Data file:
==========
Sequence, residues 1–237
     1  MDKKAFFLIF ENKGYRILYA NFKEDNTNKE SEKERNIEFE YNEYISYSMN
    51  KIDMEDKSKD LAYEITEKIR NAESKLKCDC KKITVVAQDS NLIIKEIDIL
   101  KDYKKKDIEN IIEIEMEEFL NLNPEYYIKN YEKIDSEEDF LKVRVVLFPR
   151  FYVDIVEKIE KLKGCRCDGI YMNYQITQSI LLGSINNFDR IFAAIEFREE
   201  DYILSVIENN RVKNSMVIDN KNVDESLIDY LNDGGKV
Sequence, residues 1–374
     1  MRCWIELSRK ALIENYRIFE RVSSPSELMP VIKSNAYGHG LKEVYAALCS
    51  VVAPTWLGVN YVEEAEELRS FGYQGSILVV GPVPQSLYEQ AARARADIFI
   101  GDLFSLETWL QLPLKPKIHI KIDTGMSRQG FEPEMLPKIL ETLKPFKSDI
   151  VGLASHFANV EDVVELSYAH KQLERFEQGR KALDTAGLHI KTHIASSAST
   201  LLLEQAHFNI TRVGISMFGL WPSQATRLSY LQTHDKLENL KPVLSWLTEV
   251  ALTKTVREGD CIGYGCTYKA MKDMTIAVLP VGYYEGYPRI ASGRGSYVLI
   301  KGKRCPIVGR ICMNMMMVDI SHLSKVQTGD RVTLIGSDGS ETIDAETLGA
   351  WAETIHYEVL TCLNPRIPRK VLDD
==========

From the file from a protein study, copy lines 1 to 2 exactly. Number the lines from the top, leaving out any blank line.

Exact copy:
Sequence, residues 1–237
     1  MDKKAFFLIF ENKGYRILYA NFKEDNTNKE SEKERNIEFE YNEYISYSMN